Treating Yourself
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Treatment Plans for
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Viral Infections

Acute Bacterial
  Sinus Infections

Chronic Bacterial
  Sinus Infections

Nasal Septal

By far the most common of the acute upper respiratory problems is the common cold. There is no practical cure yet for the common cold, so basically you end up treating the symptoms while your bodies immune system deals with it.

The common duration is 5 to 7 days, usually with only a couple of bad nights. There are hundreds of variants of the virus that causes the cold, and they can each have slightly different symptoms, but in general, here are my recommendations. Take the products as dictated by your particular symptom mix.

Zinc gluconate spray and lozenges

The lozenges (Cold Eeze and others) have been shown to have some merit in reducing the duration of the common cold. They have almost no side effects and should be used as directed at the beginning of a cold. The only side effect is occasional upset stomach, especially if you over use them.

Zicam "cold remedy" spray is a real medicine. It is incorrectly sold as a homeopathic remedy in pharmacies everywhere. Two well designed studies show it to be dramatically effective in reducing the duration of the common cold. My family and I use it. I have had several 1 or 2 day coldswhen I have uses it. It lacks credibility because it is unknown how it works and because it wasn't introduced using the proper modern medicine approval process.

If willing to "risk it" (Zicam "Cold Remedy" spray) can really help shorten the duration of a common cold.

It is perhaps a risk because there are reports of people having reduction or loss of smell after using the product. It is not rare to suddenly lose your smell, sometimes permanently, during a viral upper respiratory infection. I suspect that some of these cases were viral induced anosmia, but Zicam got the blame. The product now comes on swabs, the premise being that you can't inadvertently get the medicine high enough in your nose to come in contact with the smell nerves if you apply it with a swab.

I often will use both Zicam spray and zinc lozenges at once. I cross my fingers and hope that the reports of smell loss are just "flukes" and I try not to spray it high up in my nose where the smell nerves reside. It is irritating and will give you some irritation at first and may make you sneeze. If you use them, it is important to start them as soon as you first notice the signs that suggest you have a cold.

Pain & fever relievers (ibuprofen)

Even though pain and fever are usually not part of a cold there are negative sensations. Sore throat, scratchy feelings, minor muscle aches, and headaches are common. Take ibuprofen, for an adult, I usually recommend taking 2 of them (400 mg) every 8 hours around the clock until the infection is over. It really helps many of the symptoms in subtle ways. Unless you have some uncommon problem, it is almost unheard of to have trouble with ibuprofen used for only 5 or so days. Read the label.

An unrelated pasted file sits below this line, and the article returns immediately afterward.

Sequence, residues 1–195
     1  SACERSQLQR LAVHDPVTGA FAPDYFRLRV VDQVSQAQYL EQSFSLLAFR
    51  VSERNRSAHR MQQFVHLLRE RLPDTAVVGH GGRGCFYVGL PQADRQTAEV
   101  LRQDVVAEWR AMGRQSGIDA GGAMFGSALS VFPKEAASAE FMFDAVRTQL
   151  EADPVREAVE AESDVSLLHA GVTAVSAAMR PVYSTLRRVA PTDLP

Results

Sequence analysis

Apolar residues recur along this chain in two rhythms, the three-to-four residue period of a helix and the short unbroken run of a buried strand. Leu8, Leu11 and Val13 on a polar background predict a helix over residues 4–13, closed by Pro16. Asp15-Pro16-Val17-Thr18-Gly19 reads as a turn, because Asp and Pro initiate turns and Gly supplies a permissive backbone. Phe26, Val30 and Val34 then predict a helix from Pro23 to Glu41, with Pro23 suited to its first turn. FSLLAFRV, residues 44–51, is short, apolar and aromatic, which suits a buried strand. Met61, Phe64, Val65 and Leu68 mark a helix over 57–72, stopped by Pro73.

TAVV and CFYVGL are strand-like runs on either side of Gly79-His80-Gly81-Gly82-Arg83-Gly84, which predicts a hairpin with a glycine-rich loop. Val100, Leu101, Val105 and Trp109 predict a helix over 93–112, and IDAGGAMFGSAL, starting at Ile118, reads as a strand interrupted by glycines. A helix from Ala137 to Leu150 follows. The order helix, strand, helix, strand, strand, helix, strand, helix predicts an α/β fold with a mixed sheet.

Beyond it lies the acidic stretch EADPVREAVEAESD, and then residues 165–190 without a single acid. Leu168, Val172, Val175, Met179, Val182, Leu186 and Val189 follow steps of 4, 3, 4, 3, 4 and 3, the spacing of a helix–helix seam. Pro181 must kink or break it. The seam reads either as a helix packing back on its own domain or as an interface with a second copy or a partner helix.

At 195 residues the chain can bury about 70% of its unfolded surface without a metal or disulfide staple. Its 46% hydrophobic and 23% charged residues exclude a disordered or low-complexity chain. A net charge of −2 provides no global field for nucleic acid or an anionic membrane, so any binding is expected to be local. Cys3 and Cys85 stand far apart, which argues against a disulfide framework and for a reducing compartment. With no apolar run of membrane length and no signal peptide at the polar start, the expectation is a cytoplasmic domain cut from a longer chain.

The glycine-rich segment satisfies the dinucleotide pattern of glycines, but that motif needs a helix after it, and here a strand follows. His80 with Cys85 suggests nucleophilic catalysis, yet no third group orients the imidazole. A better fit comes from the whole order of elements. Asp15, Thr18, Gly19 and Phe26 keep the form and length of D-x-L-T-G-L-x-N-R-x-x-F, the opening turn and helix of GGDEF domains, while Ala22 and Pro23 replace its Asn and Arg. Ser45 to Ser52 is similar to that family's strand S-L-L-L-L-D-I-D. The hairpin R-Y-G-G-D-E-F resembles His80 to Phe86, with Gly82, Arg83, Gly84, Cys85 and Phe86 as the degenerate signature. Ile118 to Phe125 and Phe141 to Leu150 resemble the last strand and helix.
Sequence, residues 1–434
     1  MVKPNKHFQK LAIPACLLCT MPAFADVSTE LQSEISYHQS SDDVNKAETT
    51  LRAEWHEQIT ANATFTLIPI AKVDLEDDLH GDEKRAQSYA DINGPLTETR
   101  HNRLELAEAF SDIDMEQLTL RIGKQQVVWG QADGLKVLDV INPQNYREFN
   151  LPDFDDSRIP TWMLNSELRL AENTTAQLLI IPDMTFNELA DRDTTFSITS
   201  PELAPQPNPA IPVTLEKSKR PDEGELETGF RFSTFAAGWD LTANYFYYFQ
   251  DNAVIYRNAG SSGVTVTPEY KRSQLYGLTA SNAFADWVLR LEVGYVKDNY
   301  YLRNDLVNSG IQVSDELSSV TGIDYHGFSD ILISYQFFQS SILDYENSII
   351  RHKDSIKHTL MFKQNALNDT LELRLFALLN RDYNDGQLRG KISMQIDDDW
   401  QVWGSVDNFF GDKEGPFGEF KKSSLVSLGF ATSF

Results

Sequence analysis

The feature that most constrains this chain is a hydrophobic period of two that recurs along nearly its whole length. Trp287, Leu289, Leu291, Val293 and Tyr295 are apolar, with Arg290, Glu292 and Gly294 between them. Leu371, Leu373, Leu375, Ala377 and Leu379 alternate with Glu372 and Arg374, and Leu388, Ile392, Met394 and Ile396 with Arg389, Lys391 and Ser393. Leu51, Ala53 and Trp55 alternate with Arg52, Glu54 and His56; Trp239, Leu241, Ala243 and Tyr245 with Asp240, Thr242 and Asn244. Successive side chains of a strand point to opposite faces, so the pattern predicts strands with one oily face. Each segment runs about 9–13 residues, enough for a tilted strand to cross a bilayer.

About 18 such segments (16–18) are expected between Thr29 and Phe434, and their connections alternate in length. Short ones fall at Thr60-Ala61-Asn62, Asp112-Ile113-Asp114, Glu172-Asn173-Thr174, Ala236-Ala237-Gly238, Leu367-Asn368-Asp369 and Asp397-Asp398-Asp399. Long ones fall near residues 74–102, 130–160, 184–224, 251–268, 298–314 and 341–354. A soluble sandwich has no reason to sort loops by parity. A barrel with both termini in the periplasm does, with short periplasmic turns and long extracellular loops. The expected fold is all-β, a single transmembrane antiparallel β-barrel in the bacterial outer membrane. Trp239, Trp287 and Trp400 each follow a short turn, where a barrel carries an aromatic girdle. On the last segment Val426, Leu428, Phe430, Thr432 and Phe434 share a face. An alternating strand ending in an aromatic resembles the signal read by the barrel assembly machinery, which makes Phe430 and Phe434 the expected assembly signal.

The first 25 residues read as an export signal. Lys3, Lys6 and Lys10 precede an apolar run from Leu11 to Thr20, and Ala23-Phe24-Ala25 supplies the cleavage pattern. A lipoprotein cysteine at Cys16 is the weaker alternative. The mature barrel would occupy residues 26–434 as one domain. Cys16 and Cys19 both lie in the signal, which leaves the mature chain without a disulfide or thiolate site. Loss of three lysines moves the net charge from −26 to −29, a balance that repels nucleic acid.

Decongestant nasal sprays (oxymetazoline)

The stuffy nose is usually the most annoying symptom. oxymetazoline nasal sprays are the best of the decongestant sprays and are more effective than decongestant pills at opening your nose up plus they have less potential side effects. Get a generic. The name-brands may have a better spray bottle mechanism. This type of medicine should only be used for 3 or 4 days at a time, period. After that you must quit using it or your nose will develop a "rebound phenomenon".

Oral decongestants (pseudoephedrine)

Get 12 hour time release generic pseudoephedrine . These are now often kept behind the counter because they are an ingredient in illicit drug manufacture. I think that a morning dose of 60 mg of time released pseudoephedrine. A full 12 hour dose is 120 mg, but that is a bit much for many people. When doctors prescribe expensive decongestants, they are almost always just time release pseudoephedrine mixed with some a mucous thinner. There are hundreds of prescription brands with fancy names, the only differences between them are minor variations in the amounts of the mixture.

Cough suppressants dextromethorphan and codeine

Dextromethorphan is possibly not as effective as we once hoped. Recent studies suggest that dextromethorphan is ineffective in children, at least. It is one of only two ingredients likely to be helpful and by far the most common cough ingredient in OTC cough preparations.

Codeine is slightly effective and is available "over-the-counter" as a schedule V narcotic, i.e. you have to plead your case to the pharmacist but do not need a doctors visit. The most common brand is called Robitussin - AC each 5 mL (1 teaspoonful) contains: Guaifenesin, US P. 100 mg & Codeine Phosphate, US P. 10 mg. If you have cough that is keeping you awake at night, or comes in long spurts that are wearing you out, ask for some. If you just have an occasional cough or if it is producing a lot of junk, it is probably best not to take medicine to suppress it.

OTC Meds

Treating a Cold
  With OTC Meds

Treating Allergies
  With OTC Meds

Treating Chronic
  Problems with OTC

Specific OTC Meds



Decongestant Sprays

Pain Relievers

Cough Suppressants

Mucous Thinners

Saline Rinses

Zinc Gluconate

Cromolyn Spray

Steroid Sprays

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